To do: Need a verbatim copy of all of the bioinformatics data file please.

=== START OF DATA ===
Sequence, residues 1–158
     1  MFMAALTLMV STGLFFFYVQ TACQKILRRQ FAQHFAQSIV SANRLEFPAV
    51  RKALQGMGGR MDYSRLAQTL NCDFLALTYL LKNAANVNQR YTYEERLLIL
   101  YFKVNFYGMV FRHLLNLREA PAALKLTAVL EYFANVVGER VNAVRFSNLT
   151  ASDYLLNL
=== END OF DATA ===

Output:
Sequence, residues 1–158
     1  MFMAALTLMV STGLFFFYVQ TACQKILRRQ FAQHFAQSIV SANRLEFPAV
    51  RKALQGMGGR MDYSRLAQTL NCDFLALTYL LKNAANVNQR YTYEERLLIL
   101  YFKVNFYGMV FRHLLNLREA PAALKLTAVL EYFANVVGER VNAVRFSNLT
   151  ASDYLLNL